Surface movement data and predictions before and after data assimilation. Subsequent series are shifted downward by 0.5 m. Colored circles: data; colored dashed lines: average prior estimate; colored solid lines: average assimilated estimate. Light grey lines: prior ensemble predictions. Dark grey lines: posterior ensemble predictions. Case 2, with less constrained prior gives larger prior spread and better estimates than Case 1.

We define the vector

The results of the estimation exercise with both models are presented in Table 1. For the Koppejan model we report results that were achieved after starting from two initial distributions – the first one with closer bounds than the second.

The results show that the main adjustments for the Koppejan model are in the oxidation rates and in the phreatic water levels. These parameters have the largest impact on the surface movement rates. The adjustments of the oxidation rates are larger for the less constrained case, as should be expected. For the phreatic water levels, the adjustments are similar. There is quite a large variability in the resulting estimate of the phreatic water level among the different locations – this is related to the types of lithology present around the phreatic water level: peat oxidation has the largest influence on subsidence and boreholes with peat will result in a better constrained water level because the sensitivity to it is larger.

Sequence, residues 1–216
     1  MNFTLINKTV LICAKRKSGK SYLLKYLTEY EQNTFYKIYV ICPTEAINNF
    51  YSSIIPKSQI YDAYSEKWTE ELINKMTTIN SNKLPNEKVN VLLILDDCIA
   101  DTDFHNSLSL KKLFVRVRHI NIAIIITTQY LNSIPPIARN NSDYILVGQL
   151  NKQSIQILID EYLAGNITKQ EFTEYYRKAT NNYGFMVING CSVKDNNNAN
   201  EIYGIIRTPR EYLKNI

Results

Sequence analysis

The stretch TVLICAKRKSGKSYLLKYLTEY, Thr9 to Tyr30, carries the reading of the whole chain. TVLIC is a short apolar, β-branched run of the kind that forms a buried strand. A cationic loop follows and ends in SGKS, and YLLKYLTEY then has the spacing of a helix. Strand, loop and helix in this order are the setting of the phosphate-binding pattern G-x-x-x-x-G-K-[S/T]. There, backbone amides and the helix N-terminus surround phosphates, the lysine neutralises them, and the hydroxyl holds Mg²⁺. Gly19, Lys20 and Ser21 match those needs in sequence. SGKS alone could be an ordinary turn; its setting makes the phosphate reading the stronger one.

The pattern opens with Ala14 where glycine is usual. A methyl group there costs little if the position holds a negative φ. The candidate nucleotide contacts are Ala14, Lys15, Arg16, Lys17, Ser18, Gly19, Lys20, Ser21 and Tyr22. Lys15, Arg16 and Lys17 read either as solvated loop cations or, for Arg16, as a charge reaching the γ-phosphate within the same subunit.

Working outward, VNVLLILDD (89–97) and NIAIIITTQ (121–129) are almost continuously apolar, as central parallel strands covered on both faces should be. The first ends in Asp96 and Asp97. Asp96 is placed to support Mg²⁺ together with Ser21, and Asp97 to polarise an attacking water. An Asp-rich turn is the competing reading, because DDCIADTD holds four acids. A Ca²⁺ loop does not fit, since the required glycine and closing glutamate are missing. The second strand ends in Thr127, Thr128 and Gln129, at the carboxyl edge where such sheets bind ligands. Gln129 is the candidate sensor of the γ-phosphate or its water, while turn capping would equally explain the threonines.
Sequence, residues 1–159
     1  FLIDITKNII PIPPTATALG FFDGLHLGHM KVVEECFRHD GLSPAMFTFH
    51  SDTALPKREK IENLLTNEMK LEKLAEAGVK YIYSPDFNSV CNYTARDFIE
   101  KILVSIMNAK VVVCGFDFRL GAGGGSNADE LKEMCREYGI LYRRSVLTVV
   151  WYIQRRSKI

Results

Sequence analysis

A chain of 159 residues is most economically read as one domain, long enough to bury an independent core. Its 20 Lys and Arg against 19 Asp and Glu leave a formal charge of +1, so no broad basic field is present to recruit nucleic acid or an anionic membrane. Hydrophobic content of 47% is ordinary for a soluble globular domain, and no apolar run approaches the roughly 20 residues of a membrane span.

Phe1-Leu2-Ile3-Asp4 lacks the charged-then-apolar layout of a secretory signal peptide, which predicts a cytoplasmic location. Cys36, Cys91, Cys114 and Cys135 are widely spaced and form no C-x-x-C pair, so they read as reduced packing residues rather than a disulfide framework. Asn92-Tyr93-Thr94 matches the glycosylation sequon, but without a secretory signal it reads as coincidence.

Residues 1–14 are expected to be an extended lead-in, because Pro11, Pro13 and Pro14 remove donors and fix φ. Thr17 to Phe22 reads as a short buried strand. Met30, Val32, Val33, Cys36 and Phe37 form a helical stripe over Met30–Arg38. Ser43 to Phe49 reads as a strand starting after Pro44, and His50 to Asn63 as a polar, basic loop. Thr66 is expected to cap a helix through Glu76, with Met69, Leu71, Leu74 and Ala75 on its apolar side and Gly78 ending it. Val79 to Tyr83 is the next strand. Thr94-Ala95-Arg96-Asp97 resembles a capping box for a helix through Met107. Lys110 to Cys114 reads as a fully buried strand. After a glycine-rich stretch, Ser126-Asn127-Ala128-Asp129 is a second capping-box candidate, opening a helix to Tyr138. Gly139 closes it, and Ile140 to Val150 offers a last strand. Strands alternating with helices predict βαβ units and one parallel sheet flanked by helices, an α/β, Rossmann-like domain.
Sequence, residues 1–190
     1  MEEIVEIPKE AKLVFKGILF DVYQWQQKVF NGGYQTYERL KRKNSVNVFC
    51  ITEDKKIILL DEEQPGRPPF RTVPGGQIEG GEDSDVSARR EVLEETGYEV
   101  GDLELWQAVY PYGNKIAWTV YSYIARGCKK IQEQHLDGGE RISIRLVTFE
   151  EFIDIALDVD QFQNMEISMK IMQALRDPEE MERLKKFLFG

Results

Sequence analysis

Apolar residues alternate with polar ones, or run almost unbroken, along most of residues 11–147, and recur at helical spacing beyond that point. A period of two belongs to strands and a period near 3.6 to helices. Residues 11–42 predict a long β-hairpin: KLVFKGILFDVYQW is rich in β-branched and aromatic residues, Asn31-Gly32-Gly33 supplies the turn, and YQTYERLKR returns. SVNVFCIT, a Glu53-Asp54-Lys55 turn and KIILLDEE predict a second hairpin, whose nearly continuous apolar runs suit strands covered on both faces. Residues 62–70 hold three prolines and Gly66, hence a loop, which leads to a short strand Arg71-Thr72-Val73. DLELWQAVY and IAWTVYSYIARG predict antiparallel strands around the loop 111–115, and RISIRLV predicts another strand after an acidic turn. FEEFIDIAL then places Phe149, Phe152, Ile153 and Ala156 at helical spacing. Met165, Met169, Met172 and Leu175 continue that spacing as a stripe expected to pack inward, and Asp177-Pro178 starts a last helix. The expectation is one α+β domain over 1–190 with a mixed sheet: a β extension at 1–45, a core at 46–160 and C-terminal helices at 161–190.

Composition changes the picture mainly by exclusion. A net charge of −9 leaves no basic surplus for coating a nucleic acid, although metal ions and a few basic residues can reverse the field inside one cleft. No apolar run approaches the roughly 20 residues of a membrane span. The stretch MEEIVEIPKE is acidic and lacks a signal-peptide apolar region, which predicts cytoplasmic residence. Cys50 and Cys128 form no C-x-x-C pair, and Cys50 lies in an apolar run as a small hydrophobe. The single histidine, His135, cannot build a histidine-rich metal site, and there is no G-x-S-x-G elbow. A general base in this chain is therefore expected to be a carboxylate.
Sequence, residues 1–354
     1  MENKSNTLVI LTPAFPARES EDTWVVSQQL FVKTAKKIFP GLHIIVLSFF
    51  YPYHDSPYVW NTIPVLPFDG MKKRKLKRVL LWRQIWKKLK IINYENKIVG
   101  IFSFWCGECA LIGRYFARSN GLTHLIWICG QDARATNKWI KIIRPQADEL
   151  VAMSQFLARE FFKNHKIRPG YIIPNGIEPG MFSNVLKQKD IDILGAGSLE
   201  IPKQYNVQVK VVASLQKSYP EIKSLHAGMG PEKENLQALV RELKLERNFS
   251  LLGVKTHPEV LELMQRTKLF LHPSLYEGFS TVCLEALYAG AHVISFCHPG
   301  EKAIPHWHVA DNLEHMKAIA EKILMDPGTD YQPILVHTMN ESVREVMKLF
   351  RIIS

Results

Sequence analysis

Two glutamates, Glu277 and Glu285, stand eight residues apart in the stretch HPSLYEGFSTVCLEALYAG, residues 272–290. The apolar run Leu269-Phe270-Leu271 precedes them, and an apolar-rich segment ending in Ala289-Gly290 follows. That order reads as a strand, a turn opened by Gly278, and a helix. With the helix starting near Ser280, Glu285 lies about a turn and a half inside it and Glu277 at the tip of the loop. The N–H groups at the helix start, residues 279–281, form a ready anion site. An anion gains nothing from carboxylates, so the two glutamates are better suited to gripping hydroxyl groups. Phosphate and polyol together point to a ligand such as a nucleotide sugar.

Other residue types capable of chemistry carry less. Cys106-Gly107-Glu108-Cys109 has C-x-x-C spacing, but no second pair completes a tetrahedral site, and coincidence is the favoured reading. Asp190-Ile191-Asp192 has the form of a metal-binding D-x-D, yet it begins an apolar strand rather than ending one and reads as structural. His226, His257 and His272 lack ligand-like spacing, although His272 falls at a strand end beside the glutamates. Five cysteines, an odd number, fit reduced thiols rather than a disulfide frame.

For the Bjerrum model, the largest effect is also related to the peat
oxidation rates and the water levels, but the compaction parameters are also
significantly constrained. For these parameters, the values of CR and

Figure 3 visualizes the data, the priors and the inversion results. While a large degree of scatter is present for the prior distribution of parameters, the smoother succeeds in constraining this uncertainty and obtaining a reasonable fit to the data. The assimilation is better when using the Bjerrum model.